The formal version of the Bill could now be introduced in Parliament in the early stages of 2012. Originally, ministers had planned to wait until the next Parliamentary session to introduce it.
Among the other reforms which the Bill proposes, the CAA would become responsible for certain security functions, including monitoring and enforcement.
Copyright © Press Association 2011
The Government has urged airlines to become “greener”, warning them that it supports aviation growth but not “at any price”.
Transport secretary Philip Hammond has called on the aviation industry to cut emissions and noise, while the Government has ruled out adding a third runway at Heathrow and is opposed to additional runways at Gatwick and Stansted.
Mr Hammond made the comments as he launched a document designed to seek views on a new aviation policy. It will replace the Labour’s 2003 aviation White Paper which supported runway expansions at Stansted and Heathrow.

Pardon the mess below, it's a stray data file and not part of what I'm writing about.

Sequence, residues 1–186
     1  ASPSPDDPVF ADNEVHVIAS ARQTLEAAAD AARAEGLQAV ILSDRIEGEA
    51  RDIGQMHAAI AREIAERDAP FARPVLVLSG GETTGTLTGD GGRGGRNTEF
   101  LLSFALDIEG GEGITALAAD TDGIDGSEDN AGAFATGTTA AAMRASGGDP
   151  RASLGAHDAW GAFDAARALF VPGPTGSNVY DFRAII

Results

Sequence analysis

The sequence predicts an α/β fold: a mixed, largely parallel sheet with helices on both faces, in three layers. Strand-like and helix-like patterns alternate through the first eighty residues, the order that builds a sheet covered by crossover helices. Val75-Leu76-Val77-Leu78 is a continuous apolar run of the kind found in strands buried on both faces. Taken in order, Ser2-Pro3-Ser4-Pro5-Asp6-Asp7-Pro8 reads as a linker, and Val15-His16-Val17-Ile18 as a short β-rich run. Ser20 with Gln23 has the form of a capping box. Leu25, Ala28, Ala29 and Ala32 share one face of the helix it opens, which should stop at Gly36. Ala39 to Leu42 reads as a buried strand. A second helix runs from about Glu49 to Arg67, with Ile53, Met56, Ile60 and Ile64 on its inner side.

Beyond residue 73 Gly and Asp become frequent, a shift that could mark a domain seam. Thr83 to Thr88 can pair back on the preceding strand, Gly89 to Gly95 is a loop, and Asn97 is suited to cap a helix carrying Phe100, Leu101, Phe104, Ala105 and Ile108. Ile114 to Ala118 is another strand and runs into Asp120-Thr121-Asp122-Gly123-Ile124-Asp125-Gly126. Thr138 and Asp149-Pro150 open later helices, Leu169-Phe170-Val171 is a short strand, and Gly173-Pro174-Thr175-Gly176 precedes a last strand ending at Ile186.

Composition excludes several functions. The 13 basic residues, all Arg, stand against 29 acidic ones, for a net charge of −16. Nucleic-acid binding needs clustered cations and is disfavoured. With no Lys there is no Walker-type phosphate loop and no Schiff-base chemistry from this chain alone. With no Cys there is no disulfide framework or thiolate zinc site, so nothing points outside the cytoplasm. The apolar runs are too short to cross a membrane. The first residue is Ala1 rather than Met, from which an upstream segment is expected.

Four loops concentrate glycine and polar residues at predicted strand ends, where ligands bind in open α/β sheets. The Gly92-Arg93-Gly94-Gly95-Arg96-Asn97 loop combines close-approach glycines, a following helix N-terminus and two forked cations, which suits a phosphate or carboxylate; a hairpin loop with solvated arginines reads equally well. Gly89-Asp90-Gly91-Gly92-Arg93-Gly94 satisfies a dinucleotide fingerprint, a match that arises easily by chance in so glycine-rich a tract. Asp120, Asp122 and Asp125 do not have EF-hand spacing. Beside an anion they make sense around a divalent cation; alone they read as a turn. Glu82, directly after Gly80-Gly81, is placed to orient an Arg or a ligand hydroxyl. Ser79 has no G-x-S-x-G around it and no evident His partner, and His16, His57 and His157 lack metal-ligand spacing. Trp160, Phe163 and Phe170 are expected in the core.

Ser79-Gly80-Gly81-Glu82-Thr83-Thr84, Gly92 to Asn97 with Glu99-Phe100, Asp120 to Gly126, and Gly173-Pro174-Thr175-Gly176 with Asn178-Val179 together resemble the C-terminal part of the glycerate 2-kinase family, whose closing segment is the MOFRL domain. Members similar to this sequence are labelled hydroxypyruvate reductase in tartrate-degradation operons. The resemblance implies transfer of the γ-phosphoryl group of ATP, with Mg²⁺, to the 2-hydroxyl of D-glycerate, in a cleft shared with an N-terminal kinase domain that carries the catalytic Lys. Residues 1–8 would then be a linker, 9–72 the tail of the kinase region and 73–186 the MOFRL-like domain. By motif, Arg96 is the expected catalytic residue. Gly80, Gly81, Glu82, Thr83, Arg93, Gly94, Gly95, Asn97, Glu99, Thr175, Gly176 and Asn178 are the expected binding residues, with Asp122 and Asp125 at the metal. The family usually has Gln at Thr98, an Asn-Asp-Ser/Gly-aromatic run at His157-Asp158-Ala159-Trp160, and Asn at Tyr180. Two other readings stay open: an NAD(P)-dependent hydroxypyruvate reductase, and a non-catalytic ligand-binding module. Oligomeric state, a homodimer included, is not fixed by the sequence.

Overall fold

He said: “We are not anti-aviation – we are anti-carbon.
“We are firmly focused on the benefits aviation can bring, particularly in terms of economic growth. But we are not prepared to support growth at any price.
“The aviation industry needs to do more, not just on emissions but also in terms of its other environmental impacts, particularly noise.”
Mr Hammond said that while the industry should be able to grow, it had to “play its part in delivering our environmental goals and protecting the quality of life of local communities”.
He also wants to move beyond the “increasingly polarised” debate on aviation towards “a broader consensus which honestly recognises both the value of air transport and its negative impacts and is prepared to agree the framework within which aviation can develop”.
Of course, holidaymakers can do their bit for the environment by taking the bus to the airport rather than drive. Not only does this help to reduce carbon emission, it also saves money in parking fees.
Copyright © Press Association 2011
Giant holograms of customer service workers will be used to inform passengers at Manchester Airport about liquid restrictions on flights.
People going through the security search area at Terminal 1 will be greeted by virtual versions of actual employees John Walsh and Julie Capper, who will also remind travellers to have their boarding cards at the ready.